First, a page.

Deck Founded: 2011 (HGSS-NV)
Other Names: Ice Cream, VVV
Top Performances: 1 City Championship win

Skeleton List

Pokemon – 22
T/S/S – 23
Energy – 13
4-3-4 Vanilluxe NV
3-2-2 Vileplume UD
2 Fliptini NV
1 Cleffa HS/CL
1 Pichu HS
4 Pokemon Collector
4 Twins
4 Sage’s Training
3 N
2 Professor Oak’s New Theory
3 Rare Candy
3 Pokemon Communication
10 Water
3 Rescue 

Spaces Available: 2

Here we have ourselves yet another lock deck to add to the growing list, which some people won’t be happy to hear. However, this does have the potential to do well even if you do need a good set of flips to keep you locking. The main Pokemon in the deck is Vanilluxe, which has an attack called ‘Double Freeze’ that allows you to flips 2 coins and do 40 damage for each one you hit heads, but an added effect is that if you hit at least one heads, then the defending Pokemon is also Paralyzed. Paralysis is probably the most damaging special condition out there since the Pokemon cannot attack or retreat and can only get out of the active spot by using the trainer card Switch. However, this deck has that covered by adding in Vileplume, which means that the opponent has no way whatsoever of retreating their active and leaves them locked there until the KO occurs. This lock can be devastating, but double tails flips can happen, so Victini from Noble Victories is used as a bench sitter to provide you the ability of reflipping your dice rolls with its Ability, ‘Victory Star’. This will give you the maximum chance of being able to hit for as much damage and Paralysis with quite high odds throughout the game.

We have a very tight list here, which is expected when running Vileplume and another Stage 2 simply because of all the room it takes, but there are a few little tweaks you can make to make it more to your playstyle. Here’s a few ideas to get you started:

Teddiursa CL: This is probably going to be one of the only cards you are going to be able to add in here that doesn’t really add to the numbers of cards you already have, but it certainly helps your strategy a lot more. The weakness with Vileplume is that it takes a while to get set up sometimes, but with the ability to reflip coins with Fliptini, you can make full use of Teddiursa with its attack ‘Fake Tears’. The attack doesn’t do any damage, but it does make you flip a coin and if heads, your opponent cannot use any Trainers during their next turn and any damage done to Teddiursa is reduced by 30. Usually, this could be an option to get Trainer lock as soon as turn 1, but now we have Fliptini to make the first turn Trainer lock even more likely, it is certainly a very viable choice for this deck. Having the Trainer lock from turn 1 is going to definitely be devastating for any opponent and gives you the time you need to get slowly set up behind it since they are going to need to do 90 damage to KO Teddiursa after a heads flip too. The only downside is that double tails can happen, but that’s the risk you take with this whole deck, so why not try it out?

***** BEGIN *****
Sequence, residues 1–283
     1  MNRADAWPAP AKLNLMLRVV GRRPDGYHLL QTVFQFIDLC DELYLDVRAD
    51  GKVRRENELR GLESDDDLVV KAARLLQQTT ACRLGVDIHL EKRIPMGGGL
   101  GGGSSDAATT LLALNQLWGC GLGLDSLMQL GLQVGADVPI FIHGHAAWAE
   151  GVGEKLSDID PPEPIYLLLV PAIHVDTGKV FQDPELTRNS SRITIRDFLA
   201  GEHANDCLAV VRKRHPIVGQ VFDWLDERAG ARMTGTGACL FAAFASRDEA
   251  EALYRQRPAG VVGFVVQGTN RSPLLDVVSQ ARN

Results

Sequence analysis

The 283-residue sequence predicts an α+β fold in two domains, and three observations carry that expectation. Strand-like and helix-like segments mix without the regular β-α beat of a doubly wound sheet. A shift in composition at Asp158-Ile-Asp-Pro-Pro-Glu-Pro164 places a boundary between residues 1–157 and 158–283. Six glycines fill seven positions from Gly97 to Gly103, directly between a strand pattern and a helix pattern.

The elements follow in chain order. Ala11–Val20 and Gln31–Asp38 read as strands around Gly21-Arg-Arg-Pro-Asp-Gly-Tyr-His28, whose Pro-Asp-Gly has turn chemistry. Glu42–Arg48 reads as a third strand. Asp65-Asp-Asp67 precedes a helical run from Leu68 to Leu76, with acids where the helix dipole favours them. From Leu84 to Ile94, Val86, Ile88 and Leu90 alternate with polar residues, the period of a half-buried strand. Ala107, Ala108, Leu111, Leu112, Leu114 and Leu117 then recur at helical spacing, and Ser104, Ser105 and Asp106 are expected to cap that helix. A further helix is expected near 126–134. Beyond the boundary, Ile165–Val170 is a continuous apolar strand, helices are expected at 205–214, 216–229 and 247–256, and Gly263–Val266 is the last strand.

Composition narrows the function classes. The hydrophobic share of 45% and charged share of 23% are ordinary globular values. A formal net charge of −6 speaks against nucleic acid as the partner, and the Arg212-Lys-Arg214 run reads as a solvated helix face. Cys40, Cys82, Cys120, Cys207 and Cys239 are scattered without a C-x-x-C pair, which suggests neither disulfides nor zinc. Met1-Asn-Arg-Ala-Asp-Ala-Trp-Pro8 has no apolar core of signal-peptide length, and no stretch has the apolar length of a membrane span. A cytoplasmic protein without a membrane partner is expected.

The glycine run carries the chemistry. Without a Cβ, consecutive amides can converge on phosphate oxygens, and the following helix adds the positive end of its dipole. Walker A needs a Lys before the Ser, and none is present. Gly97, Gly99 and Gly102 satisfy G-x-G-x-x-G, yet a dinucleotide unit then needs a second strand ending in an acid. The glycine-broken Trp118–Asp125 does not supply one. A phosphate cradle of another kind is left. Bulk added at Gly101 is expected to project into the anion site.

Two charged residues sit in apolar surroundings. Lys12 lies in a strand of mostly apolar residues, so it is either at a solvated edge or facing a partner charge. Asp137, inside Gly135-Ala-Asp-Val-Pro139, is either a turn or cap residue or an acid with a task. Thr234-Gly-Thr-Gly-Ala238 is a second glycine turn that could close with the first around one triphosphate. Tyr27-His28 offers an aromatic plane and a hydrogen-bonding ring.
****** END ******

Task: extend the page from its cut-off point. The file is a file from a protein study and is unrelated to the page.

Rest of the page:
Full Line of Vanilluxe: Having a 4-4-4 line of a Pokemon is extremely unheard of in the competitive world since Rare Candy is still around, but in Trainer lock decks it certainly is making a lot more sense. Since you need to get Vileplume out as soon as possible, you are going to need to use Rare Candy to make it as soon as turn one, but you also have another Stage 2 to set up and with Rare Candies blocked, you need to evolve the traditional way to set up. This is why you can get away with running 4 copies of your Stage 2, since you aren’t going to be able to evolve through Rare Candy, so the quickest way is through the Stage 1. This also helps your choices when it comes to Sage’s Training. There are 4 copies of the Sage in the deck so you will be discarding resources quite frequently so having the maximum amount of your main attacker line in your deck can not only make your Sage choices a little easier, but also make your resources a little more expendable in terms of Pokemon.

Flower Shop Lady: Since the new Super Rod is a Trainer that you obviously can’t use, then this is the next best thing. By being able to return 4 Pokemon and/or Energy back to your deck makes sure that you have all the resources you need when you need them when you start to hit the late game. As mentioned above, the high Sage’s Training count makes for discarding a lot of resources during the early game, so including this card can give you piece of mind that you can get back those parts of your Pokemon lines later on in the game when you need them.

Your Comments:
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  • pokefan123

    4-4-4 Vanillux is necessary because of the trainer look possibly being to early.

  • cannonballkuriboh

    Played this at Cities in Greenwood, IN. Went 4-2 (11th), beating ReshiBoarZone, 6 Corners, Donphan&Dragons, and Durant (autowin on this matchup, he opened broke and still couldn’t touch me). Lost to Eelzone both times. The deck has serious power once set up, and can easily set up by turn 2-3. I would say that this deck determines the game by turn 4. I you’re not set up by then, you lose, plain and simple. Also, I agree on the 4-4-4 line of Vanilluxe, it’s just too crucial to get it out, and not being able to use Rare Candy makes this a must. Didn’t see anyone else using it, and most o my opponent’s actually hurt their own plays in order stop me from setting up. Be prepared for “Sonova *****” moments when your opponent see’s what you’re playing. All in all, a wonderfully fun deck that does AMAZING in time.